Part II, Art. 2 of the ICCPR states that each State Party undertakes responsibility to ensure that when rights or freedoms are violated that effective remedy and determinations by a competent authority are provided, and work to “develop the possibilities of judicial remedy” as well as ensure enforcement of such remedies occurs. Further, Part II, Art 5(1) states that States do not have the right to “engage in any activity or perform any act aimed at the destruction of any of the rights and freedoms recognized herein;” and Part III, Art. 27 states that where “ethnic, religious or linguistic minorities exist, persons belonging to such minorities shall not be denied the right, in community with the other members of their group, to enjoy their own culture…”
Here, the Bill deprives Indigenous peoples of a merits review of the Minister’s decision while affording such rights instead to developers and mining companies and endangers Indigenous peoples’ right to “enjoy their own culture” even though State parties do not have the right engage in activities that are “aimed at the destruction” of rights found within ICCPR. The Bill does not ensure effective rights of review for Indigenous peoples. Further, enjoyment of culture is a right found therein, and therefore, a State may not engage in activity, legislative or otherwise, to endanger the right of cultural enjoyment.
Similarly, Articles 11, 12, 25, 31 of UNDRIP are implicated here. Art. 11 states Indigenous peoples “have the right to practice and revitalize their cultural traditions and customs,” and includes “maintain[ing], protect[ing] and develop[ing] the past, present and future manifestations of their cultures, such as archaeological and historical sites…” Further, States have the obligation to “provide redress through effective mechanisms.” Such mechanisms may include “restitution, developed in conjunction (emphasis added) with Indigenous peoples, with respect to their cultural, intellectual, religious and spiritual property taken without their free, prior and informed consent (emphasis added) or in violation of their laws, traditions and customs.” Art. 12 states Indigenous peoples have the right to “maintain, protect, and have access in privacy to their religious and cultural sites.” Moreover, Art. 25 states Indigenous peoples “have the right to maintain and strengthen their distinctive spiritual relationship with their traditionally owned or otherwise occupied and used lands, territories, waters and coastal seas…to uphold their responsibilities to future generations in this regard.” Art. 31 states Indigenous peoples have the right to “maintain, control, protect and develop their cultural heritage, traditional knowledge and traditional cultural expressions…” In addition, States have the obligation to “take effective measures to recognize and protect the exercise of those rights.”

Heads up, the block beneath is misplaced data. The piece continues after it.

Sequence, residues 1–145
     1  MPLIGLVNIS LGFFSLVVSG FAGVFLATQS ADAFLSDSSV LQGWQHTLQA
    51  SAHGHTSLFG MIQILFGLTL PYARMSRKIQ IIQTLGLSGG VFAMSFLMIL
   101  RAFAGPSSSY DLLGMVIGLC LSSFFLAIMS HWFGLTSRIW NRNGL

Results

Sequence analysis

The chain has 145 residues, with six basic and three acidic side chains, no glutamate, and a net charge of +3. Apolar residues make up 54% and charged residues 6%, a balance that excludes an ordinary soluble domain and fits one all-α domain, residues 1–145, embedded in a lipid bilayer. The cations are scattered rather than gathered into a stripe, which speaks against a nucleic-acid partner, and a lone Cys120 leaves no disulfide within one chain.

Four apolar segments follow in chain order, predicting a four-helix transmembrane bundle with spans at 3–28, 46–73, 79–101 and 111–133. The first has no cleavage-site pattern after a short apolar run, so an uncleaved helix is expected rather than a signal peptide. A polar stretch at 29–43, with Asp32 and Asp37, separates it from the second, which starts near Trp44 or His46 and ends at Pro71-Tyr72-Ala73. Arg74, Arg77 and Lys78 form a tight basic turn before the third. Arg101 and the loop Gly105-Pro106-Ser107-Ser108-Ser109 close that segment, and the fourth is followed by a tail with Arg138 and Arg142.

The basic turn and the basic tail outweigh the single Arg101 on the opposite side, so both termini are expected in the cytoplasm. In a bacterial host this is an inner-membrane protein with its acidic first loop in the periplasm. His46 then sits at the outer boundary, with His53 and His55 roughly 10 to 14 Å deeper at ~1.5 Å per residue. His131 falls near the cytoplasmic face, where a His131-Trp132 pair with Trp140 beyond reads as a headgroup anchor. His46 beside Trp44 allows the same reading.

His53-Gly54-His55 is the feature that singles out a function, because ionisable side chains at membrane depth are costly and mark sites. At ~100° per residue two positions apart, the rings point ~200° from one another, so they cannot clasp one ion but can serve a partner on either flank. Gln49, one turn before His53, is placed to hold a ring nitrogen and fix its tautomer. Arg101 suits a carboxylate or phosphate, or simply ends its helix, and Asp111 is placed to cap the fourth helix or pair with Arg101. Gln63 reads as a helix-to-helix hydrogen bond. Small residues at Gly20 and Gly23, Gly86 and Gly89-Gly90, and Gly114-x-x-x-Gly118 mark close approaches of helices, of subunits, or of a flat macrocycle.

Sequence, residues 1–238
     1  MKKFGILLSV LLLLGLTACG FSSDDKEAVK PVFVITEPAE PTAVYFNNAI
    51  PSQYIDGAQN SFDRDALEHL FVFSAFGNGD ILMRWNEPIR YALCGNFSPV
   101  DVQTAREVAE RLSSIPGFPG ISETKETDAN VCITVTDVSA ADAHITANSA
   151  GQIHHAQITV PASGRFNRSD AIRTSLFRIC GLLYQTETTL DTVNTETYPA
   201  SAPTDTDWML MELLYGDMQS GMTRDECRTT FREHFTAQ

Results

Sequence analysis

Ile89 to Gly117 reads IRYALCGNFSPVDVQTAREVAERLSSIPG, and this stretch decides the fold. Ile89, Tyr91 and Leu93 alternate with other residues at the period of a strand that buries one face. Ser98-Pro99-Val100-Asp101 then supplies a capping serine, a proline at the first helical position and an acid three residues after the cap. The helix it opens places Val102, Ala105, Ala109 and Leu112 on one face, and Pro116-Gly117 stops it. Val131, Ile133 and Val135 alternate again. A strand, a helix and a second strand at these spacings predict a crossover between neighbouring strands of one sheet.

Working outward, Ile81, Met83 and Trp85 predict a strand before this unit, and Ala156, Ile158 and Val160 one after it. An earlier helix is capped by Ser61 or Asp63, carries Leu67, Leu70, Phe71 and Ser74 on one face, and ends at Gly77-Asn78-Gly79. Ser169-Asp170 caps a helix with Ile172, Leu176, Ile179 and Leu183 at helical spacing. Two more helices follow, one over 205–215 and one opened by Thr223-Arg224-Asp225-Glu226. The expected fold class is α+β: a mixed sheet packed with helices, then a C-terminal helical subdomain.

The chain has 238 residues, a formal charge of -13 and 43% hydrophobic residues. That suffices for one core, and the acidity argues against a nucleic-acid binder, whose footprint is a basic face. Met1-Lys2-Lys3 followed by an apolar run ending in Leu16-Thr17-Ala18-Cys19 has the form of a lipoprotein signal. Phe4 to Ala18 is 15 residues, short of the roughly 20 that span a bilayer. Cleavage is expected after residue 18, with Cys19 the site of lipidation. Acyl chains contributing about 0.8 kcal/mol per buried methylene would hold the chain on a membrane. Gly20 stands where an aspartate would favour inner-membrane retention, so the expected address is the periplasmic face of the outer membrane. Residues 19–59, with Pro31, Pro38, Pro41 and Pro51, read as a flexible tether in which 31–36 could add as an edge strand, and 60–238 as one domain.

Here, the Bill, as written, impedes Indigenous peoples’ rights to their cultural traditions and customs, including the right to protect archaeological and historical sites.
Additionally, the Bill does not provide “effective mechanisms” to redress violations of UNDRIP, and remedies have not been developed with Indigenous peoples, meaning free, prior and informed consent is absent. The Bill does not provide Indigenous peoples with the ability to maintain and protect sacred sites. The previous bill allowed for more than 1,000 sites to be destroyed even with an appeals process.
The current Bill removes appeals processes and only allows for the government to seek legal remedy against third parties that are in violation of the Bill. Current shortfalls in adherence to UNDRIP in the Bill endangers Indigenous peoples’ rights to their culture and religion by permitting third parties to destroy sacred sites without adequate redress and remedy made with Indigenous peoples using free, prior and informed consent.
In such circumstances, we appeal to you to reconsider the imminent passage of the Bill into law and to conduct a co-design process with Indigenous stakeholders and/or include in the Bill measures that are consistent with human and Indigenous rights and to consult with Indigenous peoples on these new measures.
International Indian Treaty Council
International Indian Treaty Council